Our load tests utilize a couple of FAST ATE active load testers and a variety of other equipment such as an oscilloscope, power conditioner, temperature probe and a power consumption meter. You can read more about our standard testing approach here.
The tests performed are based around six conceivable setups that are out there and progressively load down the PSU up to the power supply's limits or 1000W, whichever comes first. Since our test equipment's limits are higher than that of the Corsair RM 850W power supply, we can test it to the maximum.
The above tests represent typical loads that we have measured from various systems and are meant to give a rough idea of where your computer might fall in line with our tests. Please keep in mind that each system is different and actual loads can vary greatly even with similar hardware.
Let's start by taking a look at the voltages to see how well this unit did during testing. Starting with the 12V rail, we see 2% regulation from start to finish with a total drop of .21V. The 5V rail managed to stay within 3% of specification with a total drop of .11V from start to finish. Moving towards the 3.3V rail, we see that regulation was within 3% of specification with a total voltage drop of .10V.
DC Output quality for the Corsair RM 850W was good and well within specifications. During Test 1, we saw 12mV of noise on our scope. When we increased the loads in Test 3, the ripple climbed to 25mV at a little over half load. During Test 5 under a load of 850W, the oscilloscope showed a maximum of 39mV on noise on the 12V rail.
The Corsair RM 850W is rated for 80 PLUS Gold efficiency. This means that the power supply must perform at 87%/90%/87% efficiency at 20%/50%/100% loads respectively. As you can see, the Corsair RM 850W passed on our bench, and wasn't close to failing at any point.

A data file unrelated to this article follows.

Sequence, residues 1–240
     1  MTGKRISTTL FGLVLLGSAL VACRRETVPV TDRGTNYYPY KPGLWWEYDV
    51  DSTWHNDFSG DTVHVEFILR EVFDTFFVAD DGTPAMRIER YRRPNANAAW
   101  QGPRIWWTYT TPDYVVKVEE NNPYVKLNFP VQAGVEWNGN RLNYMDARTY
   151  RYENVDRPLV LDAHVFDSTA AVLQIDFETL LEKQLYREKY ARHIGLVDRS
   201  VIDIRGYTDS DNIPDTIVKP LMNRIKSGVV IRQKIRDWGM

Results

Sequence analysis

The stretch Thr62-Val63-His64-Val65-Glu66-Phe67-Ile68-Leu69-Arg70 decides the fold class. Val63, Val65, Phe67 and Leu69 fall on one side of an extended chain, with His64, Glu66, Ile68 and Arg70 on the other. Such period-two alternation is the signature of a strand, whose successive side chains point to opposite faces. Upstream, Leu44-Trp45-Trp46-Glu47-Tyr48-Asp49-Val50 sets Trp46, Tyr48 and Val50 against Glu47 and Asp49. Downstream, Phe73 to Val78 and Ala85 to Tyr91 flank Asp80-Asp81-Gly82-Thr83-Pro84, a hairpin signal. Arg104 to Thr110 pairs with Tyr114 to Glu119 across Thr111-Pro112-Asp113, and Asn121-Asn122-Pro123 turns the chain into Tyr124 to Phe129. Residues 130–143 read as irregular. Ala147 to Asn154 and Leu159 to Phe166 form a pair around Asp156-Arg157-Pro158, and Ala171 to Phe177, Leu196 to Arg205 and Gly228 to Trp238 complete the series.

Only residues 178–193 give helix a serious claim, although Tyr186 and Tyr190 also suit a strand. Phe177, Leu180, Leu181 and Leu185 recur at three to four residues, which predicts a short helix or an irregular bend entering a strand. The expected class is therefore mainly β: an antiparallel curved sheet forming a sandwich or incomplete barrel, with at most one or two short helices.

Corsair definitely has a solid hold on the power supply market right now. The AXi series is still almost impossible to beat all the way around and enthusiasts are gobbling them up like crazy. The opposite end of the market is filled by the CM series, which is also selling like hot cakes because it is a quality unit on the very cheap side of things. The RM series resides right in the middle of all of this and brings some of the enthusiast features down to where the average guy can afford them.
On top of this, the RM850 has some solid performance. Voltage regulation is within 3% across the board for all rails. DC output quality is relatively good as well, staying under 40mV at full load. Even the efficiency is spot on for 80 PLUS Gold just as it is rated.
This is all before you factor in the ability to use Corsair Link to monitor your power supply. Throw in the price tag of $150 and you've got a combination of performance and features that that I think is going to be hard for anyone to overcome soon.
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